“Indeed not, Venerable sir!”

“Do you then comprehend with your mind the mind of the Arahant Buddha now alive, are you aware what the Blessed One’s conduct is, what is his teaching, his wisdom, his mode of life, and what liberation he has attained?”

“Indeed not, Venerable sir!”

“Then, Sāriputta, you do not know the minds of the Arahant Buddhas of the past nor of the future. Why, then, are your words so grand and bold? Why do you speak with a bull’s voice and roar the lion’s roar?”

146. “Venerable sir! I do not have the knowledge of the minds of the Arahant Buddhas that existed in the past, will exist in the future, and exist now. I only know the lineage of the faith. Just, Venerable sir, as a king might have a border city, with strong foundations, walls, and with only one gate; and the king might have a watchman there, clever, expert, and wise, to stop all strangers and admit only friends. On inspecting the walls all around the city, he might inspect all the joints in the walls to know that there were no gaps where any creature bigger than a cat could get out. He would know that all living things larger than a cat that entered or left the city would have to do so by that gate. Thus only is it, Venerable sir, that I know the lineage of the faith. I know that the Arahant Buddhas of the past, abandoning the five hindrances; knowing all those mental faults that weaken wisdom; establishing their minds firmly in the four foundations of mindfulness; thoroughly developing the seven factors of enlightenment, attained incomparable Enlightenment. I know that the Arahant Buddhas of the times to come will do the same, and I know that the Blessed One, the Arahant Buddha of today has done so now.”

Venerable Sāriputta was the wisest of the Buddha’s disciples. The Dhammapada verse 97 refers to him as an excellent man who is not credulous. When thirty forest monks came to pay their respects, the Buddha asked the Venerable Sāriputta whether he believed that cultivating and maturing the five spiritual faculties — confidence, energy, mindfulness, concentration, and wisdom — could penetrate and culminate in the deathless. Venerable Sāriputta replied that he did not believe it. Since he had realised the Paths and Fruits he did not take it on faith in the Buddha. The monks talked among themselves that the elder had no faith in the Buddha. Then the Buddha explained that the Venerable Sāriputta was blameless as he had realised it through his personal experience, so he did not need to have faith in the word of another. In this extraordinary verse, the Buddha used shock tactics to awaken the thirty forest-dwelling monks to the truth.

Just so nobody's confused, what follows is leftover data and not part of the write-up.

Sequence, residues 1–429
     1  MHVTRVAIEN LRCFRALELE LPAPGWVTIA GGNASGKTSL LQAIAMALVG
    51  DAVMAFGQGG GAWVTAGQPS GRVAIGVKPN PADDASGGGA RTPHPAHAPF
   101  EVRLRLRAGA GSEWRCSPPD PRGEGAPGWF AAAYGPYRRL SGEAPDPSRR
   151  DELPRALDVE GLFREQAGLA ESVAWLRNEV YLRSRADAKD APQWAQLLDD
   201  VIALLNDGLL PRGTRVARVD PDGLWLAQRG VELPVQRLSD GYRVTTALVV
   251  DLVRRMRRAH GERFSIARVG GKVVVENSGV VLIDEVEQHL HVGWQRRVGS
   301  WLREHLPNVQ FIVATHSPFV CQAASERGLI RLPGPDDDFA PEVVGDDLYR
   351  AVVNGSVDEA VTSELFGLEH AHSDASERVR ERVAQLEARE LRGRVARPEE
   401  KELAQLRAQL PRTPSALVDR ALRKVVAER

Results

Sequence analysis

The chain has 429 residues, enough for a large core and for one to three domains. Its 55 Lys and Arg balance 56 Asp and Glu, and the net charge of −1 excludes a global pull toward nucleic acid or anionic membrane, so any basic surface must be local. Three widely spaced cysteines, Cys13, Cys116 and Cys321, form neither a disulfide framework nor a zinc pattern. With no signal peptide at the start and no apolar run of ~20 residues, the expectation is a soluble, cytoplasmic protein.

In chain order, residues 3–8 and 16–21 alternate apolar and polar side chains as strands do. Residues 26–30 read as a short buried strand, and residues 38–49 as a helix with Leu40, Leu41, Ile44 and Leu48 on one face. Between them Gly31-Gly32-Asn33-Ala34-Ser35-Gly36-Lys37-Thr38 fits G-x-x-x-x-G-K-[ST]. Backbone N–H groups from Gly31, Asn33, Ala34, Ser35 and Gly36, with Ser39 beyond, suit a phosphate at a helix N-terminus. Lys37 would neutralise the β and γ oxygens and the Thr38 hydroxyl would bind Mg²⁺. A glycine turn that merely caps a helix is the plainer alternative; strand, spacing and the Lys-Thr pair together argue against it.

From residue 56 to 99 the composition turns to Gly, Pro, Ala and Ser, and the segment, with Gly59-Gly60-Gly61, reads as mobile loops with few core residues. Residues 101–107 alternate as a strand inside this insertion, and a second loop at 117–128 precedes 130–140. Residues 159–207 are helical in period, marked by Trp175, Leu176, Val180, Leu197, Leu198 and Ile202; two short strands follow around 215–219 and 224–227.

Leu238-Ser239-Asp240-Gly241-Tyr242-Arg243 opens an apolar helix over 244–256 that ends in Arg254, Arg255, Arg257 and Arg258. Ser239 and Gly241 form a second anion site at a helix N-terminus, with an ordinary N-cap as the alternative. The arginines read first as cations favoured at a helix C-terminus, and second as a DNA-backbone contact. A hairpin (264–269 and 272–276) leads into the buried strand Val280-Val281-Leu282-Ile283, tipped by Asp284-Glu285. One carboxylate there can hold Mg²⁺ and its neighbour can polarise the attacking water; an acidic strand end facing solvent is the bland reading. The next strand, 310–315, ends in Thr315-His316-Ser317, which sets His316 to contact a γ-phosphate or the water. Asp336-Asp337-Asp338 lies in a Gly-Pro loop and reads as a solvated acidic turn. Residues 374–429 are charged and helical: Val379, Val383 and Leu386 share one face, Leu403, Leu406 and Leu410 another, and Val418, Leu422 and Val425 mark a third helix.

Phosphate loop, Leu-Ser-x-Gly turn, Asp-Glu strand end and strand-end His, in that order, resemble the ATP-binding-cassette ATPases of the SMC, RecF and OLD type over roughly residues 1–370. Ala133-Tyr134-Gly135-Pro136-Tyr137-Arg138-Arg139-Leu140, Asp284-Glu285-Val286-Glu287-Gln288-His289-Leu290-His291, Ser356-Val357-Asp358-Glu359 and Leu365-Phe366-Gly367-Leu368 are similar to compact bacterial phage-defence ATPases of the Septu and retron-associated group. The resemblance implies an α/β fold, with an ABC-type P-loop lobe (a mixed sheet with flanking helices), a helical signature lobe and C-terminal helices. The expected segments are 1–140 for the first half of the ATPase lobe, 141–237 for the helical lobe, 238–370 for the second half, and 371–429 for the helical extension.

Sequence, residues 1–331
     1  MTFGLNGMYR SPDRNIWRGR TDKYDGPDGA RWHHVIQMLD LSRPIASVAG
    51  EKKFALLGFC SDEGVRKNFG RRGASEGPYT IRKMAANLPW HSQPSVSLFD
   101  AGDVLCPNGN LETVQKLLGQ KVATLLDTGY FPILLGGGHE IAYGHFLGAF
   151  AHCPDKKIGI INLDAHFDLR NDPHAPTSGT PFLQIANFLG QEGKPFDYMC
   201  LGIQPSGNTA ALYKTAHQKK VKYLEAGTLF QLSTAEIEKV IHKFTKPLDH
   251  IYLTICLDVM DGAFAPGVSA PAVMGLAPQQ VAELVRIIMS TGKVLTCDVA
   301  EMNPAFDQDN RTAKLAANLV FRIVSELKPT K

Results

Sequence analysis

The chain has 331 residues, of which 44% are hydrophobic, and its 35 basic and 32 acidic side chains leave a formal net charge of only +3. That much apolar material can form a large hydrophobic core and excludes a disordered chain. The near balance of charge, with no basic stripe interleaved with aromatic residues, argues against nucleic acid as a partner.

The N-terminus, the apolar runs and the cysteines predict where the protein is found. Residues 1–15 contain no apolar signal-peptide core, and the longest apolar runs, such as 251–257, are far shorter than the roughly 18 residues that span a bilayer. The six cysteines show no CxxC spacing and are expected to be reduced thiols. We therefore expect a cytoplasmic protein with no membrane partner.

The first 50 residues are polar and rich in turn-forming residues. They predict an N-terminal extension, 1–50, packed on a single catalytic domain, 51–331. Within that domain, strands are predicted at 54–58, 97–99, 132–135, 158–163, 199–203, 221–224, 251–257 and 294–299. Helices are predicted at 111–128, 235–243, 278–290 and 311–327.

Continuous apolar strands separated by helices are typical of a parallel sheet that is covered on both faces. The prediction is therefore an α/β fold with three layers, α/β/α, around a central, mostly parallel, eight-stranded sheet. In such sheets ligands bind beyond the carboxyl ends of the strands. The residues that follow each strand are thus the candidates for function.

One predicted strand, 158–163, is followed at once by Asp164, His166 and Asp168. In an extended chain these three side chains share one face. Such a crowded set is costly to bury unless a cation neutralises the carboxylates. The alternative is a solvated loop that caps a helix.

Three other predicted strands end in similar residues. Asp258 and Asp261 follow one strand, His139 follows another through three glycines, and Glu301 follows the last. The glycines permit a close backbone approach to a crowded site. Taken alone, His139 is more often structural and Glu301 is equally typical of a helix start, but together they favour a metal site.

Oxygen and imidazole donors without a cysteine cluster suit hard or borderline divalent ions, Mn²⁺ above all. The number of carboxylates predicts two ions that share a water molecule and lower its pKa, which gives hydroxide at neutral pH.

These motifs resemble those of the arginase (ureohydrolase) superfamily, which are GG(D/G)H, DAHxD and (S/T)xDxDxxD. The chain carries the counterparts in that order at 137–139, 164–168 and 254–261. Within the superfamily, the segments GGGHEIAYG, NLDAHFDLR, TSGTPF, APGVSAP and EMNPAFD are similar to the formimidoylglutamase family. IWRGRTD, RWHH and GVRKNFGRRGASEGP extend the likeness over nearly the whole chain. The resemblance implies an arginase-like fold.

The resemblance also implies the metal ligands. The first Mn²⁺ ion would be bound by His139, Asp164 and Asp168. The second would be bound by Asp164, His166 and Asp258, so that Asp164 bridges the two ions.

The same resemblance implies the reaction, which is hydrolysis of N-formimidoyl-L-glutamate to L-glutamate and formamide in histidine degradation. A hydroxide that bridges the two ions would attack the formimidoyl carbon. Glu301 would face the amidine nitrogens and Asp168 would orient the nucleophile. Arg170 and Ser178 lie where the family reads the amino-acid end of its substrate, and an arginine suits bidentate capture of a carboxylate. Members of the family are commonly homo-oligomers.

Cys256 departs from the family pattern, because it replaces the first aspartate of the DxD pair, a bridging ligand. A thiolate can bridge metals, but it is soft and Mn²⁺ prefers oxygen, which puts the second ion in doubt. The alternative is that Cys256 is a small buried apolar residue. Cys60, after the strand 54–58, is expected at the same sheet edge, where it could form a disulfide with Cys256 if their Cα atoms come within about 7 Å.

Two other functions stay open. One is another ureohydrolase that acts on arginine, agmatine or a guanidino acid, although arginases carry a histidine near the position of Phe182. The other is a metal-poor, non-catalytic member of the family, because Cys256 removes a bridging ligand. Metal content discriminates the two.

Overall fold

“Assaddho akataññū ca, sandhicchedo ca yo naro.
Hatāvakāso vantāso, sa ve uttamaporiso.”

“The man who is not credulous,⁹ who knows the uncreate,¹⁰
who has cut off rebirth,¹¹ who has destroyed all results,¹²
and expelled all desires,¹³ he is truly an excellent man.”
¹⁴ (Dhp v 97)

He rightly inferred the great powers of the Buddha from his profound knowledge of the Dhamma taught by the Buddha, having practised that Dhamma and personally experienced the bliss of nibbāna by attaining Arahantship. The account in the Mahā­parinibbāna Sutta is just the first part of the “Discourse on Serene Faith” in which Venerable Sāriputta expounds the powers of the Tathāgata in some detail. It shows the method used by an intelligent person who should examine any religious teaching thoroughly. It also shows that some things should be accepted though they are beyond our personal direct knowledge. We should change our behaviour, speech, thought, and view accordingly, having inferred the right conclusion.

A hardened sceptic may say, “How can we believe that Sāriputta had gained Arahantship?” or “How can we know that the discourses have not just been made up by someone?” As long as they do not practise the Dhamma properly, they will never be able to gain confidence in it, because it is beyond logical reasoning and speculation.

Studying the original discourses will help, but there is no substitute for personal realisation. At least one should practise insight meditation to the level of “purity by overcoming doubt.” Then one will know how to infer, “This is surely the teaching of the Blessed One” because one has acquired the taste of Dhamma. Those Buddhists who have never practised meditation properly, entertain doubts about the Dhamma and so visit astrologers or non-Buddhist teachers looking for something easier than observing moral purity, gaining concentration, and developing wisdom.

To follow the Middle Path is not easy — one must avoid sensual indulgence, which most people are very attached to, and one must avoid wrong views too. There is no substitute for the correct and strenuous practice of the Noble Eightfold Path, which means insight meditation aimed at the realisation of nibbāna in this very life. Those who put off the practice of meditation for their old age, until the next life, or think that they do not need to practise meditation, have fallen into wrong views.